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May 26, 2012 | 11:29 31 Being a fairly frugal kind of guy I know I raise cattle fairly cheap, while keeping production relatively decent.
Maybe I have to squeeze that last dime until it squeaks?
I'm not that great on marketing? I wanted to raise cattle and farm.....not be a beef or grain salesman. If I wanted to do that I would have gone and got a job with Cargill or ADM?
But still, I raise my calves pretty cheap compared to most, in the industry. I've figured out how to feed cheap, meet what the market wants, and don't require every new toy in the book!
It doesn't matter.........fuel goes up, machinery repairs/replacement are insane, the county increases my taxes every year no matter what I make, the government requirement drivel increases every year, power/heat/utilities march on!
I'm a little different than many here. I live in an area where the land is desirable for acreages (or even crop production)....when canola is $14/bu and even feed barley is $5.......the question is what am I trying to prove?
Land here is $4,000 /acre! That is actually what the county (notorious cheapskates) is paying me for a road allowance!
Unless I'm a complete idiot...it's time. Reply With Quote
May 27, 2012 | 19:22 32 Tisp and Fip Direct paid out billions. Probably not
enough but it helped a lot. Reply With Quote
May 28, 2012 | 23:49 33 I think the whole feedlot model should be thrown out. Horrible from an environmental, agronomic, animal and people perspective. Money can be made but money can also be made selling heroin. The feedlot industry does a really poor job of everything anyways.

I think there's way too much support of the pharmaceutical and the equipment manufacturers and oil industries. I think animals (livestock and pet horses) get babied and treated like people with people emotions put on them instead of treating them like animals.

I think grazing gets underutilized. Not so much the intensive stuff that some do during the growing season but also the dormant grazing of stockpile grasses. Again, I think it's tied to the pampering of the animals.

I'm also not a fan of calving during a time of year when it's -39 C or common to get a blast of wet snow that can kill off a portion of a calf crop.

Then there's the stockmanship. Which isn't helped when a lot of the people who are "teaching" it can't do it but think that they can.

These are nothing new or anything that I've come up with. I've learned from the few ranchers and cattlemen across North America who are doing at least a few things right. Unfortunately they are of the minority, but possibly growing. Reply With Quote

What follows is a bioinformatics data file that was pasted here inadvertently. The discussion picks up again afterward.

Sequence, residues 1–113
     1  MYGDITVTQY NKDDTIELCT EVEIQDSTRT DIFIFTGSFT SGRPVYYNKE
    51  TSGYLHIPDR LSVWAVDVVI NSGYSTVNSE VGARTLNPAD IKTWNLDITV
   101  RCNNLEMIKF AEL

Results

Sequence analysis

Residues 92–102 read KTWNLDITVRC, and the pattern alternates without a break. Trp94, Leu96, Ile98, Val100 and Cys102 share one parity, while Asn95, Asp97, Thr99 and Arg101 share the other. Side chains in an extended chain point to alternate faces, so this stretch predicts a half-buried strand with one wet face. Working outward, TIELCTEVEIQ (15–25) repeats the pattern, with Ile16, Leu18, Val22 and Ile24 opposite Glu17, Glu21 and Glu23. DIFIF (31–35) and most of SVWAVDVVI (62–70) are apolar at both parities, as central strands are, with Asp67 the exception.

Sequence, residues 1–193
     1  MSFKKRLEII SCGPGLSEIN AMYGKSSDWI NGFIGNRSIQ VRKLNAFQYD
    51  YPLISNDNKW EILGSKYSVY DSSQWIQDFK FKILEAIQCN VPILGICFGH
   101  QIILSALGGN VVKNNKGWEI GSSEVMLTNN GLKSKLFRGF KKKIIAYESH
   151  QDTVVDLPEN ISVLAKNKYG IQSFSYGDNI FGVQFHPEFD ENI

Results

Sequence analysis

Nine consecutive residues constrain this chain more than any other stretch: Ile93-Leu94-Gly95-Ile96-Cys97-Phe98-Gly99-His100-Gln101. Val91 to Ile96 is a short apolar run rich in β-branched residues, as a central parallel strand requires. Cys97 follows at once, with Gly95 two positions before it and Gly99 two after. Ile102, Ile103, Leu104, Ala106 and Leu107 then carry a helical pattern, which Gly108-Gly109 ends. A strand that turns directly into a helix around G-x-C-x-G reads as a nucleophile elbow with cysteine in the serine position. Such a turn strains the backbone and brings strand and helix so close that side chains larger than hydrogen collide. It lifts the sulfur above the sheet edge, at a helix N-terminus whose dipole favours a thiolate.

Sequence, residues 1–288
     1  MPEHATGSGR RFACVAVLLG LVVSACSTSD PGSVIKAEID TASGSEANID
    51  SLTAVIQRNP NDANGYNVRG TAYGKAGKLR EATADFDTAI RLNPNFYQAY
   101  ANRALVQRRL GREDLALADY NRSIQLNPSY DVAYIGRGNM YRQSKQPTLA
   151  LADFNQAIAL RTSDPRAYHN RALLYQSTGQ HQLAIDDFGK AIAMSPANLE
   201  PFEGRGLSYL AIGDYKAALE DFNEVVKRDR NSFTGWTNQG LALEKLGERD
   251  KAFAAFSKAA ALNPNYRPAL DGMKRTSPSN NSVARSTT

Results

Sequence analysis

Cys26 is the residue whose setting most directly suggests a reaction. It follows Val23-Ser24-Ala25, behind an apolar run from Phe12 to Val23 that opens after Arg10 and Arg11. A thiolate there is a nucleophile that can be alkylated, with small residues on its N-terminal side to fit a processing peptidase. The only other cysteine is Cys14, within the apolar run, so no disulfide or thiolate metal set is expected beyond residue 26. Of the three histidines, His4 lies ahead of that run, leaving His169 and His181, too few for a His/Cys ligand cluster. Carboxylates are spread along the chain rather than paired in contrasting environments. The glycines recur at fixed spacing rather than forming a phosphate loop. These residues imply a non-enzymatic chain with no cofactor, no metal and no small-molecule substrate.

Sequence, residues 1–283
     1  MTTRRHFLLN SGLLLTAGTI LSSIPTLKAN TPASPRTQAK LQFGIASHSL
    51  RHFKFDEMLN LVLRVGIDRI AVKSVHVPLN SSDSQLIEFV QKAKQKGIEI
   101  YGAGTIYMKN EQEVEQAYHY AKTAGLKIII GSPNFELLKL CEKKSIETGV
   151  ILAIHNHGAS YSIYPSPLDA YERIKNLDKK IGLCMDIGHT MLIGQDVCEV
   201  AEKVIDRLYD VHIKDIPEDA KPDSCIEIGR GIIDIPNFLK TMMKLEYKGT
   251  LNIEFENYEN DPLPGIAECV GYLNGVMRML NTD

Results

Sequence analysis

May 29, 2012 | 06:51 34 Thanks for your insight Tman

At least our operation has shifted since 2001 to partially fit your model of beef production. Reply With Quote
May 29, 2012 | 14:27 35 I agree about the feedlot thing, with a few modifications. Looking at those big huge multi-thousand head lots has always made me think of them as glorified outdoor hog barns. Basically it's the same principle, only exposed to the weather. Pack 'em in, stuff their faces, and get them out. In the meantime they're mixed with strangers and dealing with sicknesses, and stress.

There will always have to be somewhere to finish cattle. The best cow calf land is not always near or suited to a good supply of grain, assuming one wants grain fed beef. Maybe a better way to get that grain fed beef would be to bring in some way of risk management that would make it more appealing for smaller farm feedlots to feed cattle again, like they used to. We background calves, but have no access to any kind of risk management other than Agstability, and we all know how good that is. We can't lock anything in, since we don't have the numbers to be able to do it. We just have to jump in with two feet and risk the farm with every batch, so to speak. It takes the fun out of it, that's for sure.

As well, smaller groups of cattle over larger areas are much more sustainable, IMHO. Better to have fifty locations feeding the cattle than one. That's fifty more operations buying local grain over a larger area. Fifty operations supporting ten or fifteen veterinarians, instead of one on staff at one location. Fifty operations buying supplies in ten or fifteen towns are better than one.

I just don't buy into the bigger is better mentality. Economics of scale is one thing, but there's a point where the benefit starts to be solidified in one set of hands to the detriment of the industry as a whole. I don't think it's sustainable. Sooner or later, something will give, and what happens then?

The more players involved in food production, the safer the food supply is in general. Reply With Quote
May 29, 2012 | 14:32 36 Moving that last post to the tman thread. I should have read that one first! LOL Reply With Quote